Participants must eat, exercise and shower while in a head-down tilt position

By Rachel DeSantis
March 28, 2019 12:59 PM
Short-arm centrifuge at the German Aerospace Center's (DLR) :envihab facility in Cologne, Germany

If lying in bed for 60 days while getting paid for it sounds like an out-of-this-world deal, NASA sure has the perfect gig for you.

The space agency on Tuesday kicked off a three-month study in Cologne, Germany, requiring participants to stay in bed for long stretches of time in order to test gravity and how the body adapts to weightlessness.

NASA teamed up with the European Space Agency for the Bed Rest Study, which will take place at the German Aerospace Center’s “:envihab,” a portmanteau of environment and habitat. The facility is operated by the Institute of Aerospace Medicine at the German Space Agency (DLR).

The 12 male and 12 female participants — who will receive about $18,500 each — must eat, exercise and shower while in a head-down tilt position, as doing so duplicates many of the effects astronauts face in a low-gravity environment. Because there is no gravity to pull blood flow to the legs, astronaut’s heads fill with fluids, and their muscles and bones waste away, according to the ESA.

German Aerospace Center ":envihab" facility

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The study will also test the possible benefits of artificial gravity, as participants will lie in DLR’s short-arm centrifuge once a day and be spun to encourage blood flow back toward their feet.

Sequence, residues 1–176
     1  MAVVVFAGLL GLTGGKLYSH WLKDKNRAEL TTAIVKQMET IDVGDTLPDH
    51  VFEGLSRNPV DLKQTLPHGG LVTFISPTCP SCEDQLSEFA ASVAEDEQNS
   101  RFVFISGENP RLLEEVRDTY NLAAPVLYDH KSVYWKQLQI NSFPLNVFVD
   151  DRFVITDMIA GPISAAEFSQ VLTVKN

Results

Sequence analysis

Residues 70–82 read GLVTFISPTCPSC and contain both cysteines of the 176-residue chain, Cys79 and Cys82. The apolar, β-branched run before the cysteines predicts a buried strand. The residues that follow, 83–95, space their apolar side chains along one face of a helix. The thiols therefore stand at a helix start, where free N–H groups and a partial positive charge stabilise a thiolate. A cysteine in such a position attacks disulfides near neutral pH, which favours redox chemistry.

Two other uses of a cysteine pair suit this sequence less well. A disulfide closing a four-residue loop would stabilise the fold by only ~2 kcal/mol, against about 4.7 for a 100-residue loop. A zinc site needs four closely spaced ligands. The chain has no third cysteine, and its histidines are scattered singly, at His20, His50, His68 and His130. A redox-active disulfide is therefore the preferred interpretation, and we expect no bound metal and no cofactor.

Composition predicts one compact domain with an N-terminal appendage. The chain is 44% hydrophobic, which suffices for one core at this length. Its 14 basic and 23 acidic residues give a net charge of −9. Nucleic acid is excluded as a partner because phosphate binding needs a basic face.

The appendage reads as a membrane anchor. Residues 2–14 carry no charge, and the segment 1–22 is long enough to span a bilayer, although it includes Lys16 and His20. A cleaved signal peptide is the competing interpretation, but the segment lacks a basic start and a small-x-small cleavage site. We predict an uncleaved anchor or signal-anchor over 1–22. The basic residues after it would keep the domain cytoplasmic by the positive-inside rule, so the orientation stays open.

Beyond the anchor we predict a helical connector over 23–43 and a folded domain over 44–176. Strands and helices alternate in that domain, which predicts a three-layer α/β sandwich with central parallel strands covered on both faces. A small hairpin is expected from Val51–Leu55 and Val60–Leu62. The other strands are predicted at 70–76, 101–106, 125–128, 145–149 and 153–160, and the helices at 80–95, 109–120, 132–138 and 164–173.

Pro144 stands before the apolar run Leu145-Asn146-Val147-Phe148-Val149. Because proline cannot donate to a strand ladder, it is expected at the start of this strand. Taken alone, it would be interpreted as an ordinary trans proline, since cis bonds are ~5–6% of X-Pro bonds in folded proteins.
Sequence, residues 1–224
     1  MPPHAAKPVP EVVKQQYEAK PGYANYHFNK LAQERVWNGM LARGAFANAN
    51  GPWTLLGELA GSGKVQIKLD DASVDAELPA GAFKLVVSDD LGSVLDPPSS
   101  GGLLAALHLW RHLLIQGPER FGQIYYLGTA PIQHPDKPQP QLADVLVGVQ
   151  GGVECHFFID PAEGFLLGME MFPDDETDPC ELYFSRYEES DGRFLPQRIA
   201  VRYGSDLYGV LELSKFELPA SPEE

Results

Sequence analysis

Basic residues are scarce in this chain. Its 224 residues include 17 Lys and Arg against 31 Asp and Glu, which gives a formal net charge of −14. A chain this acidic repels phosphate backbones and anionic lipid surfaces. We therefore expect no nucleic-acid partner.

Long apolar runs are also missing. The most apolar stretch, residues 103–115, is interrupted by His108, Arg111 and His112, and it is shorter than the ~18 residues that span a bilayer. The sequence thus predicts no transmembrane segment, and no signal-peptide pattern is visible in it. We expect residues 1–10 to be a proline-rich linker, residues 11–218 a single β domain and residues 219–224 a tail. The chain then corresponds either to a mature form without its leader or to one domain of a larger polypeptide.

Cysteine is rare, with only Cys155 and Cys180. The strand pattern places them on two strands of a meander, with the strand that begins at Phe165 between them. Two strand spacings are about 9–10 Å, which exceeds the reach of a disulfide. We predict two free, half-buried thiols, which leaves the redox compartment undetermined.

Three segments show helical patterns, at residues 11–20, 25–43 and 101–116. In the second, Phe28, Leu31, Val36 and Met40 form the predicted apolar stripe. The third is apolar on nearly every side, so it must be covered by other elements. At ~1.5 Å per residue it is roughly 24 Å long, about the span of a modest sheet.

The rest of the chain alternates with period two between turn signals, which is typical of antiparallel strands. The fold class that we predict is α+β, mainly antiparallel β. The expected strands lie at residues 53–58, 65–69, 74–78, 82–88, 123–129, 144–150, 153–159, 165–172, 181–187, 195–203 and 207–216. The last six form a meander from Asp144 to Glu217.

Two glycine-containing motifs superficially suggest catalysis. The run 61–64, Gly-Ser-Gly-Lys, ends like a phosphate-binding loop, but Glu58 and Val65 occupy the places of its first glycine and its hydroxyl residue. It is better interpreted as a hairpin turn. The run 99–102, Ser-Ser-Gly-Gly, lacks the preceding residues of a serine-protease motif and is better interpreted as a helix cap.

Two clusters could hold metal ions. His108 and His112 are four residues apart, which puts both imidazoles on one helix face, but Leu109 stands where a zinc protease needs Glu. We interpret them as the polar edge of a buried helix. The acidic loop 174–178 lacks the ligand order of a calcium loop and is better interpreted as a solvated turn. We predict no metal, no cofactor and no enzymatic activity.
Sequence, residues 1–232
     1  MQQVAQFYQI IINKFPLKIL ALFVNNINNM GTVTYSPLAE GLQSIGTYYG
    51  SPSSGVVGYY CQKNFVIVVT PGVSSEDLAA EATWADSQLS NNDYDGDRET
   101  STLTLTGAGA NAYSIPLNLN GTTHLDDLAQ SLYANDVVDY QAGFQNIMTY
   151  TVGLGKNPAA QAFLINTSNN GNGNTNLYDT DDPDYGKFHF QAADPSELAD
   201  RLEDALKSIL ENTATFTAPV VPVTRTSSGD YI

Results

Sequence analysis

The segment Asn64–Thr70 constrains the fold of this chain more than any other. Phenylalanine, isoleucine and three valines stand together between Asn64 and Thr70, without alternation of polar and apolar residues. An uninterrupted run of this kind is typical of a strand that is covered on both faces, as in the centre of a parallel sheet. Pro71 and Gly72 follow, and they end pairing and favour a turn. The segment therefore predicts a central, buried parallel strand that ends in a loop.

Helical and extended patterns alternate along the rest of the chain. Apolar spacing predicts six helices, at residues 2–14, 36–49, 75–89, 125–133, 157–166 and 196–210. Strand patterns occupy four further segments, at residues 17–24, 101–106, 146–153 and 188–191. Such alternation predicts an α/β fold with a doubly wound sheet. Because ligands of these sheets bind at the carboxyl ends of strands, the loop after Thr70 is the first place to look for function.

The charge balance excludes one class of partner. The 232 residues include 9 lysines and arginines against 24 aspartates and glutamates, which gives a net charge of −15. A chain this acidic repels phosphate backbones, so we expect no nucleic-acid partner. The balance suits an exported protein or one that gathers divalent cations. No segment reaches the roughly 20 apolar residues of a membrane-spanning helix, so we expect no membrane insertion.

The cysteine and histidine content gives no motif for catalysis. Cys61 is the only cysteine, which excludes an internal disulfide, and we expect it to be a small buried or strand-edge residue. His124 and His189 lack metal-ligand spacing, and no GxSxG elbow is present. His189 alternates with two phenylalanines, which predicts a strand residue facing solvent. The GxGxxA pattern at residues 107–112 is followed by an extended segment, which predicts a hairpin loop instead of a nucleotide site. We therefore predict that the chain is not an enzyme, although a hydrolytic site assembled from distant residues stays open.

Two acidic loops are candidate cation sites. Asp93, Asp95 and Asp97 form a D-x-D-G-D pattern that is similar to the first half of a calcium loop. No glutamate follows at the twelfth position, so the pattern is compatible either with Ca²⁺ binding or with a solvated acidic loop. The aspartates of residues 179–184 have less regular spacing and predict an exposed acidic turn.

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“Currently, astronauts on board the International Space Station exercise for up to 2.5 hours per day and maintain a balanced diet to help mitigate microgravity’s effects, but scientists believe adding a dose of artificial gravity could be key during longer-term missions,” according to ESA.

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Though the study has already begun, DLR is seeking participants for a second phase, which will kick off in September.

“Participation in the study was a very special and good experience for me,” Janja, a test subject in a similar bed rest study in 2017, said in a translated DLR testimony. “What surprised me the most: after a few days my body got used to the bed rest, it was much easier than I had imagined.”

Bed rest lasts for 60 days, though the entire study will span 89 days, as it includes time for preparation and recovery.

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